The path climbs gently before Axbridge for impressive views over the Somerset Levels towards Brent Knoll and Glastonbury Tor. We eat sandwiches in a café that also serves as an antique and clothing store. It’s one of at least four eateries and pubs with outdoor seating, overlooking Axbridge’s pretty medieval town square and the impressive 15th-century scaffolded building that houses the King John’s Hunting Lodge museum.

Related: In the company of wolves and kings: Suffolk’s new medieval cycle path

Cheddar Reservoir is vast and glistening in the early afternoon sun, set in a radiant green landscape, and Ele exclaims, “It feels like we’re on vacation.” The route winds between galvanized fencing behind a builder’s merchant and returns to the road on an industrial estate on the edge of Cheddar. Hopefully the special bicycle offer will one day extend into the city. This is where we turn around. Although Strawberry Line volunteers have lovingly developed and maintained this route since the 1980s, a plaque states that this section was created after a cycling schoolboy was killed by a motorist in 1990 and his school campaigned for a safe cycle route. It reminds us that cycle and walking paths are more than just leisure routes: they are essential transport infrastructure.

A future spur, the Pier to Pier Way, linking Clevedon’s Grade II listed Pier and Weston-super-Mare’s Grand Pier, is under construction. A major link across the Congresbury Yeo and Oldbridge rivers, the Tutshill Greenway, will open this spring. These and Clevedon’s sea defense trails provide birdwatching opportunities all year round, with redshanks wintering at Tutshill and other rare birds passing through. Unfortunately, a strong campaign paid for a separate two-way cycle route in Clevedon, claiming it would damage the ability of businesses and local motorists to park on the seafront.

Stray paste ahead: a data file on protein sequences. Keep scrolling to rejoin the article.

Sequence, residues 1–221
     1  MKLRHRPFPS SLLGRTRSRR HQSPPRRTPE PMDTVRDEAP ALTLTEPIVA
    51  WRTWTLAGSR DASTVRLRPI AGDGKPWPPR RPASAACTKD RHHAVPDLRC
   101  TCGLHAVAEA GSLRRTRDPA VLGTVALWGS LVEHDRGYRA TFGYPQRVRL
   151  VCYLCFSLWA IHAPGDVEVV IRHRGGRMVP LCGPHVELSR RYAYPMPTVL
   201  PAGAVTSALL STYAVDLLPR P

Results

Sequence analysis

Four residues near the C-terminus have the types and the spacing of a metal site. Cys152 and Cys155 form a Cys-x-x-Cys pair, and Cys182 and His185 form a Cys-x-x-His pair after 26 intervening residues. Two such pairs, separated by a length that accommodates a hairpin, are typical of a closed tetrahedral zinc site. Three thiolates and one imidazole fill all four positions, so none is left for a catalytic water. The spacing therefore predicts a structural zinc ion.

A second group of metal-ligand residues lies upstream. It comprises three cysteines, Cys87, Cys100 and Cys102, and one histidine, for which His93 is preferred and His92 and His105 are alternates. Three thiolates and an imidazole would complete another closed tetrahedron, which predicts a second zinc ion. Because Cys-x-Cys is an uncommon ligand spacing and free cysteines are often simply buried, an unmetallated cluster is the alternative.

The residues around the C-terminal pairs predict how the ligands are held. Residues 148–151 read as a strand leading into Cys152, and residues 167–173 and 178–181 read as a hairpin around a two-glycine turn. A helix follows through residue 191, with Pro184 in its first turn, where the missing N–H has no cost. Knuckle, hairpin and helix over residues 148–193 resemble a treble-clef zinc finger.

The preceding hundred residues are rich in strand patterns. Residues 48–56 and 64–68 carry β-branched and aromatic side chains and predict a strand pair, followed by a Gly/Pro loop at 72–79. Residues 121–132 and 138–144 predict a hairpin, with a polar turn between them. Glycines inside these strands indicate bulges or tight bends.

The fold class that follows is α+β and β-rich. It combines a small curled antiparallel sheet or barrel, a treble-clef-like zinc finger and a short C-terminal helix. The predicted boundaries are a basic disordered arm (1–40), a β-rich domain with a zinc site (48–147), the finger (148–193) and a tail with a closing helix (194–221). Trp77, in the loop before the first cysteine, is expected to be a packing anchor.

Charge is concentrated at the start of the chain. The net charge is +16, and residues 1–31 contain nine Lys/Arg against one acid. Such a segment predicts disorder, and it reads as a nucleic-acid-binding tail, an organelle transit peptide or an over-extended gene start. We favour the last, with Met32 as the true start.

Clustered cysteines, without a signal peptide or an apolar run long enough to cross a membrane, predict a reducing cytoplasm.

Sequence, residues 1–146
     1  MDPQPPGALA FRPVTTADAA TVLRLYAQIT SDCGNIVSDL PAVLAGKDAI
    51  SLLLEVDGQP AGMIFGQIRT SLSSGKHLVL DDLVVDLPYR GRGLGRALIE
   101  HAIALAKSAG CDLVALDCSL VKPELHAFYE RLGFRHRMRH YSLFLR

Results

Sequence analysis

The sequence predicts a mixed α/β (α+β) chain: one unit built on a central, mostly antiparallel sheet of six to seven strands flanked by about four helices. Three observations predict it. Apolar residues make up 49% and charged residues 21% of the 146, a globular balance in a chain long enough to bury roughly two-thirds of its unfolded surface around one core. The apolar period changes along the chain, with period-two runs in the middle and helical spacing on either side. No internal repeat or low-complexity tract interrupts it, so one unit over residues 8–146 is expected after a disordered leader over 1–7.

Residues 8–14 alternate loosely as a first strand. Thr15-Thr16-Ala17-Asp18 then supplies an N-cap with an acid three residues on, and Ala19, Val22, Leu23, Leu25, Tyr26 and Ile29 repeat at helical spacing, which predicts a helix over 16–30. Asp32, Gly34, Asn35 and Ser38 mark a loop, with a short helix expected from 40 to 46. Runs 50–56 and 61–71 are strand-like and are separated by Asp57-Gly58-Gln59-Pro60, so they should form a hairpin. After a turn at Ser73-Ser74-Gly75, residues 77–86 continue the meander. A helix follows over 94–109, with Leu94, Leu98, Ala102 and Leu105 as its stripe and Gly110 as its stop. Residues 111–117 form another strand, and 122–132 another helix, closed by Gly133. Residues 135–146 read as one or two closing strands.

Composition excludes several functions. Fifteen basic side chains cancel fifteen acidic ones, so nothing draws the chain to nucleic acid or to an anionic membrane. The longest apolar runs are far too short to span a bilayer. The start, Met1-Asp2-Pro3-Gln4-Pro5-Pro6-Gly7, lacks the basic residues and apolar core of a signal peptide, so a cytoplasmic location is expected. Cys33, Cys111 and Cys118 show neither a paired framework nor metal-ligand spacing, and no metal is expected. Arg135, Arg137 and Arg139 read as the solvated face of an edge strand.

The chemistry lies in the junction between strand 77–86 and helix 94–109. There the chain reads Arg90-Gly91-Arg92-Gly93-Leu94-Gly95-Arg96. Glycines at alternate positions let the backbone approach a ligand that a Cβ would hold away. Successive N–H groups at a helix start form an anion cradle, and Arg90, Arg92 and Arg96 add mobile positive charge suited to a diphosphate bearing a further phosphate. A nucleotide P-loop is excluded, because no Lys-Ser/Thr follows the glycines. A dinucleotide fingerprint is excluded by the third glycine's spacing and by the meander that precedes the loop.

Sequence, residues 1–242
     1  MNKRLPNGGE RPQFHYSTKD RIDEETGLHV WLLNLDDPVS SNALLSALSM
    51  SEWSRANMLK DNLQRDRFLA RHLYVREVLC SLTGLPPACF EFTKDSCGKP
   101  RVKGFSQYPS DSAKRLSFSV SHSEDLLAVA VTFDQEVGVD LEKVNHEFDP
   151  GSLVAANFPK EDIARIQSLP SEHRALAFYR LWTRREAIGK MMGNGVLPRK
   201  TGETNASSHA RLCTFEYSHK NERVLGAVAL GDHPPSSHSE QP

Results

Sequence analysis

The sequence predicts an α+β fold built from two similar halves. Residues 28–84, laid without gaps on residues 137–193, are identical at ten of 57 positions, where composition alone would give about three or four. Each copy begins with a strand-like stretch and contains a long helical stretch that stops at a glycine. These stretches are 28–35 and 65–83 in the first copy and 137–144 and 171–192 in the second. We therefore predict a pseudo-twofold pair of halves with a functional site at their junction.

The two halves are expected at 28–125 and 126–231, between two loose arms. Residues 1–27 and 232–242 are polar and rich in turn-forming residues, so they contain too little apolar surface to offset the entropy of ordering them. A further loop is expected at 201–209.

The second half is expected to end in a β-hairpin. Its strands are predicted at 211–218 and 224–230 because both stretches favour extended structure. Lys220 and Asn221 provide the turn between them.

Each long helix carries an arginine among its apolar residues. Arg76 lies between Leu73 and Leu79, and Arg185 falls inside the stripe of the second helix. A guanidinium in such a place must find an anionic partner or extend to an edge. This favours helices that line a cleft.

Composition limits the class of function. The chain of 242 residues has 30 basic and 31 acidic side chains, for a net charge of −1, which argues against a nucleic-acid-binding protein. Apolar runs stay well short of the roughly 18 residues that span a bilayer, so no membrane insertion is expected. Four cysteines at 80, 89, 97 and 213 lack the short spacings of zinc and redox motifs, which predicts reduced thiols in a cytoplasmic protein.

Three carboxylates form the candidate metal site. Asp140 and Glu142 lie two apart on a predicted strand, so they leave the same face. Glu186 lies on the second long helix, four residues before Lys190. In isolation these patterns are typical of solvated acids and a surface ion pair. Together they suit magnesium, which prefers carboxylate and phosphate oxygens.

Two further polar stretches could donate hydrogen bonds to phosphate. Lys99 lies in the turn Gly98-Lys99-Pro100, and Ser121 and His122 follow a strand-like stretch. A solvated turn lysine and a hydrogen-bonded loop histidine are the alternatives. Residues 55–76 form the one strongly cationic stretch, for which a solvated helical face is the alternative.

North Somerset Council estimates that the Pier to Pier will nevertheless generate 55,000 cycling, walking and leisure-related trips annually, with 15-20% of these taking place between November and February, extending the tourist season and encouraging cycling visitors to spend more time in North Somerset to spend. . This will link up with the Brean Down Way with its existing 100,000 annual users, which runs south from Weston, via Brean Cross Sluices, back to the National Trust headlands of Brean Down, via the natural pier at Sand Point. At the end you have extensive views of the Bristol Channel and a Victorian fort.

The Strawberry Line is already a joy for cycling and walking, with young bikepackers in their early fifties joining the cyclists

Excitingly, for hopeful cyclists and adventure seekers alike, these routes will also form the North Somerset Coastal Towns Cycle Route, passing through urban centers all the way back to Bristol. The Owl in the Oak café and venue in Kingston Seymour, opened to serve the Weston-super-Mare to Clevedon cycle path, has been hailed as evidence of the value of these additional visitors and potential future routes. With motorized transport in North Somerset generating 43% of the area’s CO2 emissions, these routes are also climate interventions.

The Strawberry Line is already a cycling and walking delight, with young bikepackers joining those in their fifties (we greeted the same couple three or four times during our day out) and numerous dog walkers. Not only will Somerset Circle bring a tourism boost to this beautiful rural county, but it will help people of all ages get around on foot and on wheels, under their own power. With or without the sound effects.

Laura Laker’s book, Potholes and Pavements: A Bumpy Ride on Britain’s National Cycle Network, is published by Bloomsbury (£16.99). To support The Guardian and Observer, order your copy at Guardianbookshop.com. Delivery charges may apply